If you thought Tau Volantis was a drastic change for the series, imagine having to defend yourself against unmutated Unitologists. That’s right, this is the first time you get to kill humans in the Dead Space series. Is it a blasphemous direction for the series that runs the risk of being like every other third person shooter out there? You could say that, but at least these fanatics give you every reason to kill them, and you don’t have to worry about these guys getting back up after you pull off a headshot.

The Unitologists are long tired of EarthGov’s “abuse” of the powerful and mysterious markers and are terrorizing colonies one by one. In the first chapter of Dead Space 3 (not counting the prologue), the Unitologists have caught up with series protagonist Isaac Clarke. It’s bad enough that he lives in a crappy apartment and is late on his rent; the followers of the late Michael Altman want Isaac dead.



The multi-locale design of Dead Space 3 is further emphasized by the inclusion of side missions, a first for the series. These become available once you reach the derelict fleet floating above Tau Volantis. You’ll have the option of investigating various ships in the fleet before--we presume--you touch down on the planet itself. Yet it just so happened that this preview build ended right at the moment I got to choose which ship to search first.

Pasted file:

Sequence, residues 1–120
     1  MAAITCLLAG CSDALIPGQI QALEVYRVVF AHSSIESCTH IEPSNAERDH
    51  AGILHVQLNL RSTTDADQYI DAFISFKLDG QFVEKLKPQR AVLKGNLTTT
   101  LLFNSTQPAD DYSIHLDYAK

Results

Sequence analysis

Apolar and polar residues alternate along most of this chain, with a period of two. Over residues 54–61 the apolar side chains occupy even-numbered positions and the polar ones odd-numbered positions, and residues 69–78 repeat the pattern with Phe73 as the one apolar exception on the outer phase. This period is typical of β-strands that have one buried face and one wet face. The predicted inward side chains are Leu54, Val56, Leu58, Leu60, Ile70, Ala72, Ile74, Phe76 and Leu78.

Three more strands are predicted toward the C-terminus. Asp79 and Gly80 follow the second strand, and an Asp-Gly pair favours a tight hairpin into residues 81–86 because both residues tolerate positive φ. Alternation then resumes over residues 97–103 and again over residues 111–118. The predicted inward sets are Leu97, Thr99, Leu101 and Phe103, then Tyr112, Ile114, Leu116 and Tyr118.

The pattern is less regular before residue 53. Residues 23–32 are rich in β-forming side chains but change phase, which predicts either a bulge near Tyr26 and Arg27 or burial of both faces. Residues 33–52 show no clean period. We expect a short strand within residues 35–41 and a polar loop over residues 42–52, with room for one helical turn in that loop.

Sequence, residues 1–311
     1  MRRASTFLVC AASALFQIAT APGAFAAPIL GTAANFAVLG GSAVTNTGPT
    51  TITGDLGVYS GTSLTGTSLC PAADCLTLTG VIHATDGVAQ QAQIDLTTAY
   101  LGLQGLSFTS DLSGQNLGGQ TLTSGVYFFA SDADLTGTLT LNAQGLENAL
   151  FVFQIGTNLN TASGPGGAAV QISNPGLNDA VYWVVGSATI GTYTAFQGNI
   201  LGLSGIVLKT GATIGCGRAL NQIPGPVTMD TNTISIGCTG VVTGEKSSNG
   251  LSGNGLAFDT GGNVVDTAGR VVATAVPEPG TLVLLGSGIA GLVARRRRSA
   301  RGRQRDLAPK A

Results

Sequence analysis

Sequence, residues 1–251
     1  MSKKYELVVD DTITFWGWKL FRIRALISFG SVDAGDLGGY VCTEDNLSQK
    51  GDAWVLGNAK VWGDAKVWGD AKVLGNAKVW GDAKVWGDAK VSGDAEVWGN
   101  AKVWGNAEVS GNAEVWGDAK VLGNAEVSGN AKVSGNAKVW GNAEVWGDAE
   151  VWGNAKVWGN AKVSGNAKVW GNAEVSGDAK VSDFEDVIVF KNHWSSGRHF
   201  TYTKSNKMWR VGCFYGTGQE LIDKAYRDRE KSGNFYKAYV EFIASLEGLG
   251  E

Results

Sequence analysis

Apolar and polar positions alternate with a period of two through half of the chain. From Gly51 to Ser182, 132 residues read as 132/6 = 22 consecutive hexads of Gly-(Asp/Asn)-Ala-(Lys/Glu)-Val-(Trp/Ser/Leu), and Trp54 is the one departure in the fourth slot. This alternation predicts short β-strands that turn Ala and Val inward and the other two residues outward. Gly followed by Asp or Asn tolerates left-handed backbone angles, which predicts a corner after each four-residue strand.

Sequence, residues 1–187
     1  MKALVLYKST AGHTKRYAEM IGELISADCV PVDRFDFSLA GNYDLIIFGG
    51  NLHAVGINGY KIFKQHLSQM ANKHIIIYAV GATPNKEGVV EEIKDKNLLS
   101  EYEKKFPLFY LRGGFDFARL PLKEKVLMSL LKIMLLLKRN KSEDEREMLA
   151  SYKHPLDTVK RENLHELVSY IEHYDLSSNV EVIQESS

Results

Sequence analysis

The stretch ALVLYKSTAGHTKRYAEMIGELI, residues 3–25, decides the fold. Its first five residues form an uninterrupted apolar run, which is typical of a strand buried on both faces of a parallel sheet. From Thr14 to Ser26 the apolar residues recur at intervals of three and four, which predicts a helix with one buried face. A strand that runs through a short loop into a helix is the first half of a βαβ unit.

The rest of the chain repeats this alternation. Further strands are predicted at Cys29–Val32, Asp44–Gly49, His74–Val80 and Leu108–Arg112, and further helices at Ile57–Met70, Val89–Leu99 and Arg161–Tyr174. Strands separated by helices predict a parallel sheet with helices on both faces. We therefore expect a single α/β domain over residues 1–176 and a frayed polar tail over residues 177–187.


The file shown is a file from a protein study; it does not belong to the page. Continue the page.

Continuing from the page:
No matter, I actually had prior hands-on time with one of the optional ships: the USG Greely, a research vessel. My main takeaway from these side missions is that they’ll hopefully provide the suspenseful, confining and tense situations that series fans are looking for. These new areas will also offer their share of pickups that expound on the backstory of this lost flotilla and the game series itself. Plus, more pickups also means more weapon parts, which leads us to....